• More than 38,000 cases of AIDS are reported from 85 countries.
• Elected in late 1980, President Ronald Reagan first mentions the word AIDS in public.
• National Academy of Sciences report is critical of US response to the epidemic and calls for $2 billion investment to combat the disease.
• The first clinical trials of antiviral drug azidothymidineor AZT begin.
• US Surgeon General Everett Koop, MD, issues report on AIDS calling for education and condom use.
• Institute of Medicine report calls for expanding education campaign and creating the National Commission on AIDS.

1987
• UCSF’s Donald Abrams, MD, confirms, with the help of the Community Consortium of Bay Area physicians, that giving the drug pentamidine in aerosol form was a more effective way of treating a serious from of pneumonia that typically strikes AIDS patients.
• FDA approves AZT for treating AIDS.
• CDC launches first public service announcements about AIDS.
• AIDS memorial quilt displayed for the first time at the National Mall in Washington, DC.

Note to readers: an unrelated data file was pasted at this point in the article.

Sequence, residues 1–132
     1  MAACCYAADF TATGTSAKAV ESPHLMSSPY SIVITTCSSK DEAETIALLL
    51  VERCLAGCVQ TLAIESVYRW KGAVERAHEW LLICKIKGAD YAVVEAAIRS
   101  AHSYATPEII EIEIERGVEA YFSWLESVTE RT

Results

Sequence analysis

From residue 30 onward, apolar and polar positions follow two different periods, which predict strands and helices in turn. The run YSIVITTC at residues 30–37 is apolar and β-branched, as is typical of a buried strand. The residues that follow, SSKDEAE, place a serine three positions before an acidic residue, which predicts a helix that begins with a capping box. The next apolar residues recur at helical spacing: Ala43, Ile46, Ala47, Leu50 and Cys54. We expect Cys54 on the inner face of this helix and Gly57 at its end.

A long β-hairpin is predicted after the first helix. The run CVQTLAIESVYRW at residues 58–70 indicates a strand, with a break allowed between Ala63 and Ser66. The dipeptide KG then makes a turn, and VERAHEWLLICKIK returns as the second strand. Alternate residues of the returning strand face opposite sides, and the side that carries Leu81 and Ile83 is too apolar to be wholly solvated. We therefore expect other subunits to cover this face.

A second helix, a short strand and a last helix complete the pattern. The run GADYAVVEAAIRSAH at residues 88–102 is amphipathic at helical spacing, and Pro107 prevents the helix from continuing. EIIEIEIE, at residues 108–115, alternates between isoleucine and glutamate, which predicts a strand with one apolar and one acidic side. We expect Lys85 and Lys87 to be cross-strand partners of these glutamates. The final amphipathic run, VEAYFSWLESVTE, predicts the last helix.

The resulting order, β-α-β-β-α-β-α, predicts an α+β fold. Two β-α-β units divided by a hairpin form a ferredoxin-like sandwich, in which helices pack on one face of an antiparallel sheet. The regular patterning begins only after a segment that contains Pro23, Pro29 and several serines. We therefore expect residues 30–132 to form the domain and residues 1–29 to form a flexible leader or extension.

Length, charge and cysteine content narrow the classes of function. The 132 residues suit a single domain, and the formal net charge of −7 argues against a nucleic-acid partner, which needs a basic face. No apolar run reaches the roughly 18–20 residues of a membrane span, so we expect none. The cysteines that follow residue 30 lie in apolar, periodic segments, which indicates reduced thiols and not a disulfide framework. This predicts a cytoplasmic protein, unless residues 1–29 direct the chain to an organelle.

• US adds HIV as a “dangerous contagious disease” to its immigration exclusion list

1988
• A group of UCSF researchers, including Diane Wara, MD, design a study that involved treating mothers with AZT from the second trimester onward, as well as at the time of delivery, and treating the infant with oral AZT. The study proved enormously effective, and reduced mother-to-infant transmission from 26 percent to 8 percent.
• WHO declares first World AIDS Day on December 1, which continues today.
• The City and County of San Francisco establishes what becomes the nation’s largest needle exchange program.